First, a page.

In an effort to refine Missouri’s open records and open meetings laws, a bill under consideration in the state Senate would open certain government personnel information to the public before major hiring decisions are made.
Under the current law, public bodies are allowed to close meetings for discussion of “individually identifiable personnel records.” The proposed legislation would no longer allow public bodies to apply that exemption to the final five applicants for top administrative positions. Their identities and qualifications would have to be made available to the public at least five days before any final hiring decision.
Jean Maneke, legal counsel for the Missouri Press Association, of which The Joplin Globe is a member, said this language has resurfaced in various iterations of proposed Sunshine Law legislation for years.
“The idea behind this is when you don’t identify candidates to the public, then there’s no opportunity for the public to provide input into this process, and certainly there are times when the public knows things about candidates that the selection committee may not know,” she said. “The more information any selection committee has, the better.”
Some local boards already follow a procedure similar to this. In its recent search for a president, Crowder College in Neosho released the names and qualifications of its top three candidates to the public before holding on-campus open forums with each of them earlier this year. After taking feedback from those who attended the forums, the college board of trustees then met in closed session to hire Jennifer Methvin, formerly the vice chancellor for academics at the University of Arkansas Community College at Hope.
Missouri Southern State University is also searching for a president. Its 15-member search committee, which last week released its first advertisements for the position, has been tasked with providing information on its top three to five candidates to the Board of Governors. It wasn’t immediately clear how the board plans to proceed after that point.
“I know that the qualifications of the top candidates were going to be made available to the board, and we were going to have all the detailed background information so we can look at all of that data,” said Lynn Ewing, who is serving as board chairman until June. “I don’t remember what the plan was in releasing that information to the public.”
Joy Dworkin, president of the faculty senate, said she thinks the faculty in general would support this piece of the legislation.
“I think it has been our expectation that that’s the practice at Missouri Southern, that we should know who the finalists are,” she said. “For transparency’s sake, we want to know who is up for certain positions.”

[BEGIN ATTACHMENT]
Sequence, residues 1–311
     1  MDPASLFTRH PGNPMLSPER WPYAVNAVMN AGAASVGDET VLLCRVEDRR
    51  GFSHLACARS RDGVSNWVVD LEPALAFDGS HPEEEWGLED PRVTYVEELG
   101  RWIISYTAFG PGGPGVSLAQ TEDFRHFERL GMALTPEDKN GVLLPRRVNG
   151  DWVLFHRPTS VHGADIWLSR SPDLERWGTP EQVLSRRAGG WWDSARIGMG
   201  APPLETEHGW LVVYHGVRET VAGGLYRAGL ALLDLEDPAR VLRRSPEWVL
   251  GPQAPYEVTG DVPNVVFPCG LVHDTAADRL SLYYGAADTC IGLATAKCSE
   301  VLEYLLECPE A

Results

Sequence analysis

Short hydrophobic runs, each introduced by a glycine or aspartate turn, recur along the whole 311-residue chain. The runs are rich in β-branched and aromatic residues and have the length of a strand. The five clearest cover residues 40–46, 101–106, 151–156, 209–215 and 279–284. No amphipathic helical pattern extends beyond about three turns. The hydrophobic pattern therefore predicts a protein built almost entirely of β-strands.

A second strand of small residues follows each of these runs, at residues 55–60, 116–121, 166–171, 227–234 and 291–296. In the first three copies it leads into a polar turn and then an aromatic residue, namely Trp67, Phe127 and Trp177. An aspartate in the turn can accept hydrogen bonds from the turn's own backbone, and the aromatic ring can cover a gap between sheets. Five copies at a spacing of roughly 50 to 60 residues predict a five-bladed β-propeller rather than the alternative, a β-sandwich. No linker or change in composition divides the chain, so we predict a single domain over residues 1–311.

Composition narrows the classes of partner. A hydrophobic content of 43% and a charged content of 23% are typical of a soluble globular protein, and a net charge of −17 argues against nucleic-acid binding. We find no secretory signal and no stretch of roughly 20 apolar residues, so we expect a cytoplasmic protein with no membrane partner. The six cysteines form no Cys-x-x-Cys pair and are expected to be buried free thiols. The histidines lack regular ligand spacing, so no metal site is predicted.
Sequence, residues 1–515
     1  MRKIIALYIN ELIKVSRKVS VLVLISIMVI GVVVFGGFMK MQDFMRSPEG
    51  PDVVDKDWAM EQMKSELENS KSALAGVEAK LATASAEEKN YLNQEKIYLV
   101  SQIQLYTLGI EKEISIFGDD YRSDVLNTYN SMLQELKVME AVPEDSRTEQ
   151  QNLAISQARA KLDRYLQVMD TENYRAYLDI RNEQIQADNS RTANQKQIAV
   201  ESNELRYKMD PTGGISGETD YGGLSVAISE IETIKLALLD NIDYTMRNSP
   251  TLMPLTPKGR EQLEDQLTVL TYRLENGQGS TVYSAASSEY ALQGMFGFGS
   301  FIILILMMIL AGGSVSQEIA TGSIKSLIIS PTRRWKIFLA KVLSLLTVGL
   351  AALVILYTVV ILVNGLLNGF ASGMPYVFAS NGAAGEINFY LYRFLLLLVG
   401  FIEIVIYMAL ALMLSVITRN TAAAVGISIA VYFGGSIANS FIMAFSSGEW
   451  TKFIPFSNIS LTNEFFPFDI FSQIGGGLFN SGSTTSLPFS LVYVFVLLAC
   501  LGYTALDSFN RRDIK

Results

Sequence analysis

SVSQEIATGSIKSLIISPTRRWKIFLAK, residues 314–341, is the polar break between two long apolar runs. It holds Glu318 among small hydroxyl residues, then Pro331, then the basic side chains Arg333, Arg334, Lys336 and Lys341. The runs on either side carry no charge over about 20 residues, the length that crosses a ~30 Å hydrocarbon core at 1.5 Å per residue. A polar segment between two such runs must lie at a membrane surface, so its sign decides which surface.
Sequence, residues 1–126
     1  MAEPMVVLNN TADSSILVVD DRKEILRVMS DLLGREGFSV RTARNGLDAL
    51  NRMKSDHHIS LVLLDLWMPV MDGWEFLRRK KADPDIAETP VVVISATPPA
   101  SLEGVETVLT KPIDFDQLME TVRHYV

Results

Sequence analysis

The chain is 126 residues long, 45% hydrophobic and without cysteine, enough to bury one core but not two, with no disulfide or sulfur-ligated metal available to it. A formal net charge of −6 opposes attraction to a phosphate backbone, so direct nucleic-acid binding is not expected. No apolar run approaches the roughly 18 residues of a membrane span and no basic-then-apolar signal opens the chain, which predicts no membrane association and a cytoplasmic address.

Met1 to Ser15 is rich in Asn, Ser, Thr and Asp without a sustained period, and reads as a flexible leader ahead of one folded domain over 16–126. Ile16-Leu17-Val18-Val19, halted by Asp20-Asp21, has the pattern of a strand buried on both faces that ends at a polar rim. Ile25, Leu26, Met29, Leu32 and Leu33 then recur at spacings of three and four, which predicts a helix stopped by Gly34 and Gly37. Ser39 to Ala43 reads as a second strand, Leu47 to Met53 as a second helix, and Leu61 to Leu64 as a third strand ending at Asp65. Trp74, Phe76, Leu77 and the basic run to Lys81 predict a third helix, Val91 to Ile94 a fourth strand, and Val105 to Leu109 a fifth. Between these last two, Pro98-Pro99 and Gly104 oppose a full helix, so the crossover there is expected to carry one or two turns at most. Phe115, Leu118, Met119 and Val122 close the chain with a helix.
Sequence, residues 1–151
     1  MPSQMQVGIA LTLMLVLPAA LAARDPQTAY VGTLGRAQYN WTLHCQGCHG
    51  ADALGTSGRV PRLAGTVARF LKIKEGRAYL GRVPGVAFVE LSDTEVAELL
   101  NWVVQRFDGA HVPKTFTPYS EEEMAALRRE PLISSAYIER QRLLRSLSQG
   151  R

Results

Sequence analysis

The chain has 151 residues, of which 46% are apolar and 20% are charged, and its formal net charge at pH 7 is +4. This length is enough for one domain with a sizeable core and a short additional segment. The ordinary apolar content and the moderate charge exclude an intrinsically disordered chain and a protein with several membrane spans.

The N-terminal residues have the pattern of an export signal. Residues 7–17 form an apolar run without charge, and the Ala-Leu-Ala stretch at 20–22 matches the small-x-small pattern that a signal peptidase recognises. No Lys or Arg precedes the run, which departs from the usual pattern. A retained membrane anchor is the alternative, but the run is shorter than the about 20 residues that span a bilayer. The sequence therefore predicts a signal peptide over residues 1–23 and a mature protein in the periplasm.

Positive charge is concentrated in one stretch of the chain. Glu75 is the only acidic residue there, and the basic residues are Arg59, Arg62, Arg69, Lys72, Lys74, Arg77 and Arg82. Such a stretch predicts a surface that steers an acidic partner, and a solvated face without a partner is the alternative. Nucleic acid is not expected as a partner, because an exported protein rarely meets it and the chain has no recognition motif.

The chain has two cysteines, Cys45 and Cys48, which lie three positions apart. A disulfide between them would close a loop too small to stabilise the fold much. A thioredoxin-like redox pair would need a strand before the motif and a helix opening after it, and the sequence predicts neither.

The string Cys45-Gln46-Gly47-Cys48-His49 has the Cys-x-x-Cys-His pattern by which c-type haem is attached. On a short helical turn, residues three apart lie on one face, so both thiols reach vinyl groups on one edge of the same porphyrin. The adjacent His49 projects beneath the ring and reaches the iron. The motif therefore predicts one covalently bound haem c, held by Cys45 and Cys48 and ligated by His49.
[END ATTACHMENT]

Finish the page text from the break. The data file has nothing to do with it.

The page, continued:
But such a law could also raise “sensitive issues” of applicants’ privacy, Dworkin said. She said she wouldn’t want disclosure of information to “dissuade the best candidates from coming forward” by potentially jeopardizing their current job situations.
Maneke acknowledged that some boards seek to keep candidate information closed to protect the privacy of those who apply. The proposed law would require disclosure only of the final five candidates, not of all applicants.
The legislation is sponsored by Sen. Kurt Schaefer, R-Columbia. He could not be reached for comment through his Jefferson City office this week because the General Assembly is on spring break.
Schaefer’s legislation would also reduce the penalty amount for breaking the Sunshine Law and allow the penalty to be applied even when government boards don’t knowingly break the law.
The Missouri Sunshine Law currently requires government boards to provide notice 24 hours before a meeting. Officials must reference a specific exemption to close meetings to the public.
To provide records requested under the law, agencies can charge up to 10 cents per page, the average hourly wage of clerical staff for making copies and the actual cost of research time. Officials must respond to a request within three days, though it does not mean documents have to be provided that quickly.
The law presumes meetings and documents are open, though there are exceptions that allow — but do not require — government agencies to close them. Exemptions address issues such as communication with agencies’ attorneys, school expulsions, software codes for electronic data processing and operational policies for responding to terrorism.
The Associated Press contributed to this report.